You walk into a living room you’ve never been in before. There is a Barcelona chair catty-corner to a Le Corbusier chaise. There is a lacquered credenza that was made by a Danish person in the middle of last century. Your host opens a beer for you with a bright-red Alessi bottle opener. You set the beer down on a Saarinen side table, take a seat on the Knoll sofa, and sink into a reflective state of déjà vu. Where have you seen this tableau before? Oh. That’s where. On the toilet. Idly flipping through a Design Within Reach catalog.

If you haven’t had this experience yet, you will. In the past decade, due in part to the Starbucks-like proliferation of mid-century-modern dispenser Design Within Reach and purveyors of similarly clean-lined furniture, a conspicuous new breed of amateur decorators has emerged. Guys in their 20s and 30s who, flush with cash and square footage, kit out their lofts and houses by systematically turning the pages of a glossy catalog and circling pieces like items on a Chinese-takeout menu. They are confident that this approach to interior design demonstrates sophistication and informed taste. What it in fact demonstrates is an acute lack of vision.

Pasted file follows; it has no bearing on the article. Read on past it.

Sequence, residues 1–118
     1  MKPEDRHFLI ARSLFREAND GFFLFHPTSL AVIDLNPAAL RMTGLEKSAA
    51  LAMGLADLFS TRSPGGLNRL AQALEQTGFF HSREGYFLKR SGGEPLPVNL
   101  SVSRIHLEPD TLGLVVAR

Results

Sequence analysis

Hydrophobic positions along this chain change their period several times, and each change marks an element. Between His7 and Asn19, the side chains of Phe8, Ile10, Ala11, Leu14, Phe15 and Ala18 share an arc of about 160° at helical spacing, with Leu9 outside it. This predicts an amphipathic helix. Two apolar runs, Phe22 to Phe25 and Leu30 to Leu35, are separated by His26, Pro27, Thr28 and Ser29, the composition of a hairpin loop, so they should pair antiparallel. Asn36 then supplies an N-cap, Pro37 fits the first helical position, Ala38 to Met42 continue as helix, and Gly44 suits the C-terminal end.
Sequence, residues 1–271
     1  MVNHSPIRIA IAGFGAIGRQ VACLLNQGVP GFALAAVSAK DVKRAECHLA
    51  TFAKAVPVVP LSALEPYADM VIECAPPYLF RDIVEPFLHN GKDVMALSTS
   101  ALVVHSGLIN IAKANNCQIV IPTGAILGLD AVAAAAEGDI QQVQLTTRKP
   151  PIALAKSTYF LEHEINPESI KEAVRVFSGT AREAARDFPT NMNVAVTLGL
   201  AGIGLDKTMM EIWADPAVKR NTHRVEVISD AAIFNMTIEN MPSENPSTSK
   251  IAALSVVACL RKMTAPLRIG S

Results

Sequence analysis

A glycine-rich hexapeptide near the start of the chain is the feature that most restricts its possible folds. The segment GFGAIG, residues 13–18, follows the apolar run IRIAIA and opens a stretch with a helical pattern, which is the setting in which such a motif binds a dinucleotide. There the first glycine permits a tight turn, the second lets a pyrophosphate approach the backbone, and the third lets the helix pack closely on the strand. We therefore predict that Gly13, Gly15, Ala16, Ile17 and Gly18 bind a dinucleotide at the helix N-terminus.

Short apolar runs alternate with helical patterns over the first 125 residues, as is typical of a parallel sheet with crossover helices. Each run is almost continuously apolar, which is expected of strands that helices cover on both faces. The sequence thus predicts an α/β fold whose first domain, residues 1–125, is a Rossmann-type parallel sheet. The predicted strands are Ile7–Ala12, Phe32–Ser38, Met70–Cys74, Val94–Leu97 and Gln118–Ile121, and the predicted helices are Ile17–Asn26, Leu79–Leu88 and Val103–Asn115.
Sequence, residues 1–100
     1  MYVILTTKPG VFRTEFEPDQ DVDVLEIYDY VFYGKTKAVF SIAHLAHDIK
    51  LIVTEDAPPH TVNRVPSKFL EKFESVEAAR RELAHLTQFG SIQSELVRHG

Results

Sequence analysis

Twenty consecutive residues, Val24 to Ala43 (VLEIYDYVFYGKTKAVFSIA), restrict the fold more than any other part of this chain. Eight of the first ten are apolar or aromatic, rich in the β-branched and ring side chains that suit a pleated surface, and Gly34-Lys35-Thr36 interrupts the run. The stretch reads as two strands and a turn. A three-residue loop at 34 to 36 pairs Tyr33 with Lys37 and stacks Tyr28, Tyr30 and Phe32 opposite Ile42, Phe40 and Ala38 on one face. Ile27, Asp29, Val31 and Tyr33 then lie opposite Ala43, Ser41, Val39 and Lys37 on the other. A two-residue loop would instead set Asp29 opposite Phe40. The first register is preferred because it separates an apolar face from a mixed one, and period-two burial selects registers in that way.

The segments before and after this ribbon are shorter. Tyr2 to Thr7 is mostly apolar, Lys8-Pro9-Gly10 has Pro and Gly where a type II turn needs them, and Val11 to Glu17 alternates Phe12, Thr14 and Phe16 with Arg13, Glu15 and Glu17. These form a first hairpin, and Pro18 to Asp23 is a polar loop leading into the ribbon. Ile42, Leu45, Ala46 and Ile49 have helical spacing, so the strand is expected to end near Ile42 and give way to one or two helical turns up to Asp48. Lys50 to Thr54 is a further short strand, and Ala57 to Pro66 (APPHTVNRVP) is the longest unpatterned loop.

“There’s no imagination involved,” says Steven Wagner, former design director at House Beautiful and an interior decorator in New York who recently steered a young banker away from the mail-order approach. “It’s like a return to the fifties, when people would get entire suites of furniture. Go into a Pottery Barn or a Design Within Reach on any given Saturday and you’ll see all these couples walking around, essentially buying whole apartments.”

Note that Wagner lumps the highbrow modern outfit in with the more pedantic Pottery Barn. Those of you reading this in a den appointed precisely like a page from the “lounge” section of DWR literature are no more highly evolved decorators than those watching TV from a “Greenwich” sectional in sage-brushed twill book-ended by “Metropolitan” cubes. You, like them, have put the same amount of energy into the interior of your home as you did into the placement of the halogen lamp in your dorm room.

“Buying the whole look is a very American thing to do,” says Emmanuel Plat, vice president at the Conran Shop in New York—one of several meccas of contemporary design ruled by British aesthete Sir Terence Conran. “People use decorators here much more than they do in Europe,” says Plat, who is French. “They need someone to validate their choices. They come in and see a furniture display and say, ‘I want exactly this. This table with the four chairs and the mirror in the back.’”

Albert Hadley, the octogenarian Interior Design Hall of Famer who has consulted for the Astors and the Gettys, is more sympathetic to the one-stop decorators. “Not everybody is wildly passionate about interior design. They just want to put it all in there and stop fussing. I rather applaud that,” he says.